She held her breath. Excitement and terror warred within her as he came right up to her and stopped, so close she could see the dark, shadowy beard that had grown across his face over the course of the day and the thick, black eyelashes that were almost too pretty on a man.
“You’re not frightened, are you?” His hand came up to lift her chin so she had to look into his eyes for him to see the truth or lie in her answer.
“No.” A bad lie, but she hoped he hadn’t been able to hear the squeak in her voice.
His hand moved from her chin to trace along the curve of her jaw with a mere brush of his fingertips. “I like your hair this way,” he murmured, taking another step closer, his fingers coursing through her hair, the weight of his hand making her head fall back, her throat exposed. “Do you have any idea how beautiful you are, Alexandria?”
She closed her eyes and shook her head, turning away. How could she be beautiful after what John had done to her? And not telling Gabriel before they married that she was quite possibly not a virgin? There wasn’t anything beautiful about that.
But he didn’t know all of that yet. She stood beneath his exploring fingertips on her face, trembling like a leaf about to give way and drop to the ground. With one forefinger he traced the arcs of her eyebrows, her cheeks, and then the curve of her mouth. She opened her lips to let out the rush of breath. Her head fell back in submission to his touch as his lips finally came down on hers.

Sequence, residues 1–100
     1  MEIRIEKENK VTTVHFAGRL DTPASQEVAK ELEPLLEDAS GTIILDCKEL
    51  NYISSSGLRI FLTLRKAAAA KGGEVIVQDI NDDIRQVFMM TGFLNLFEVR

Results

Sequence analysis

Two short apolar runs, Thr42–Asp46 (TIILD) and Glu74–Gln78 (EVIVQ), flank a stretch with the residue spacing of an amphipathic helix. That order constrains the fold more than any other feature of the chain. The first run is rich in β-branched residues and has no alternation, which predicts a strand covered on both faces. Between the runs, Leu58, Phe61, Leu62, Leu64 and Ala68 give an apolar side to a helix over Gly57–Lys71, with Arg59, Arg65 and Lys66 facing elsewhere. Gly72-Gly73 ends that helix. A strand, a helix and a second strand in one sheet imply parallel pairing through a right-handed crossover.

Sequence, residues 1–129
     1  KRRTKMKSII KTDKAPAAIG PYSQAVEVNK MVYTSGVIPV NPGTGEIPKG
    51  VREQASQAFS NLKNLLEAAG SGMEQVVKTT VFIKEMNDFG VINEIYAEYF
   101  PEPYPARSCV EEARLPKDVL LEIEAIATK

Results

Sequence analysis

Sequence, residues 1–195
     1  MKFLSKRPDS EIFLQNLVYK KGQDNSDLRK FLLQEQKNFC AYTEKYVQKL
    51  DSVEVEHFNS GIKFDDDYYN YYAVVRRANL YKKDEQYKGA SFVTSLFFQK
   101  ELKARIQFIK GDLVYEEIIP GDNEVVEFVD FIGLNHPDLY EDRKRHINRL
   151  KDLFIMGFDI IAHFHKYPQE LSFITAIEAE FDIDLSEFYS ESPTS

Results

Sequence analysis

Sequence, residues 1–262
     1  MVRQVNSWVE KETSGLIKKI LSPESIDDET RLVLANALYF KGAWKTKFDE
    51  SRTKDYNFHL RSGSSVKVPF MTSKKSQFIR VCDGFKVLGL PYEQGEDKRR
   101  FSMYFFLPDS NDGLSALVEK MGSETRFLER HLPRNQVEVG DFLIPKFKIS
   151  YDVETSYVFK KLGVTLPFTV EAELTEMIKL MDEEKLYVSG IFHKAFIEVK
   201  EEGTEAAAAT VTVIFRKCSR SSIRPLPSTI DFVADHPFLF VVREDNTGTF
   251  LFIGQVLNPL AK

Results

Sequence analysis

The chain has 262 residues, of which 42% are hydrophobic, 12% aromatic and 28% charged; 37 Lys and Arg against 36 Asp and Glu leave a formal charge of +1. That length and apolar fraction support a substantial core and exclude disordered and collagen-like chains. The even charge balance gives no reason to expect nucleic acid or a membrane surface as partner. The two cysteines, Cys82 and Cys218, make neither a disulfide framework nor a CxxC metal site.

Her arms crept up to wrap around his wide shoulders. Love for him, an intermingling of welling emotions, rose to her throat in an aching pulse, pushing aside her dread and fear. She wanted to laugh and weep at the same time, but mostly she wanted to give him everything, all of her.
She was finally his.
Gabriel immersed himself in the feel of her—her petal- soft skin, her quivering lips, her lashes against his face. With his hearing gone, he reached internally for her reactions, reading vibrations from her throat and the thudding of her heart pressed against his chest. She didn’t seem afraid now, not like when he’d walked into the room and seen her pale face. No, now she seemed pliant and eager to be in his arms.
When the back of her legs came up against the feather mattress, he leaned over her, kissing her more deeply, bending her back toward the blue counterpane, the heavy folds of the
bed curtains creating a secret space of flickering twilight. She blinked, opened her eyes as he lifted her and laid her on the blue silken surface. Standing, he saw the questions return to her eyes.
He said nothing. There was no need for words with Alexandria much of the time. They communicated with a look, a touch, their own special body language of signs and signals and long-locked gazes. It had started with letters . . . and become so much more.
Dear God, I love her.
She scrambled underneath the counterpane and he blew out the bedside candle, flooding the room with darkness. He slid in beside her. “Come here, Alexandria.”
Without sound and now little sight, the feel of her in his arms roared through him, making her seem soul-deep close to him. Fragile . . . sweet, delicate, woman . . . wife. His hands roamed over her body, branding her and making her his in truth. She tensed and, he thought, cried out, whimpering against his shoulder. He held her close, running his hand over her hair and murmuring words of comfort. He hoped the worst was over.
Afterward, he pulled her back against his stomach and sighed deeply into her hair. Within moments, a deep lethargy took over and he fell asleep.